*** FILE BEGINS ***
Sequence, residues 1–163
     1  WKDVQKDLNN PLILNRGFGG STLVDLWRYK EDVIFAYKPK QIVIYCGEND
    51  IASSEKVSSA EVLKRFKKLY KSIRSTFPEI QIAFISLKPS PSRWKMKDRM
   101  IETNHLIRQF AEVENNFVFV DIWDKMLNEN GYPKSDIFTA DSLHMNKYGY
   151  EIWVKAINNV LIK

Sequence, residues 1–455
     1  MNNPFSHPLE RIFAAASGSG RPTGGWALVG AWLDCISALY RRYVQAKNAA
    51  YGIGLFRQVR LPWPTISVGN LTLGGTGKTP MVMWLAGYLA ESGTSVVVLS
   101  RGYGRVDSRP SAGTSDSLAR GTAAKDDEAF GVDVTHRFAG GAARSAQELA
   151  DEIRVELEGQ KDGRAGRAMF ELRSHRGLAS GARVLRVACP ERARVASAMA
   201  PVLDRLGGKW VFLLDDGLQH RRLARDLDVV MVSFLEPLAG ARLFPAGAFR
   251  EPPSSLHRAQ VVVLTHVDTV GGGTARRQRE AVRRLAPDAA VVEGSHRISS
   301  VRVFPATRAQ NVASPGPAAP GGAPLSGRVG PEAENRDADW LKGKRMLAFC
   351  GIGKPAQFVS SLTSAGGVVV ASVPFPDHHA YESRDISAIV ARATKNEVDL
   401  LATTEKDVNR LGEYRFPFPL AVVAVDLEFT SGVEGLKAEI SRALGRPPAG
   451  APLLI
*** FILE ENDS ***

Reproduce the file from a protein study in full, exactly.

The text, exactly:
Sequence, residues 1–163
     1  WKDVQKDLNN PLILNRGFGG STLVDLWRYK EDVIFAYKPK QIVIYCGEND
    51  IASSEKVSSA EVLKRFKKLY KSIRSTFPEI QIAFISLKPS PSRWKMKDRM
   101  IETNHLIRQF AEVENNFVFV DIWDKMLNEN GYPKSDIFTA DSLHMNKYGY
   151  EIWVKAINNV LIK

Sequence, residues 1–455
     1  MNNPFSHPLE RIFAAASGSG RPTGGWALVG AWLDCISALY RRYVQAKNAA
    51  YGIGLFRQVR LPWPTISVGN LTLGGTGKTP MVMWLAGYLA ESGTSVVVLS
   101  RGYGRVDSRP SAGTSDSLAR GTAAKDDEAF GVDVTHRFAG GAARSAQELA
   151  DEIRVELEGQ KDGRAGRAMF ELRSHRGLAS GARVLRVACP ERARVASAMA
   201  PVLDRLGGKW VFLLDDGLQH RRLARDLDVV MVSFLEPLAG ARLFPAGAFR
   251  EPPSSLHRAQ VVVLTHVDTV GGGTARRQRE AVRRLAPDAA VVEGSHRISS
   301  VRVFPATRAQ NVASPGPAAP GGAPLSGRVG PEAENRDADW LKGKRMLAFC
   351  GIGKPAQFVS SLTSAGGVVV ASVPFPDHHA YESRDISAIV ARATKNEVDL
   401  LATTEKDVNR LGEYRFPFPL AVVAVDLEFT SGVEGLKAEI SRALGRPPAG
   451  APLLI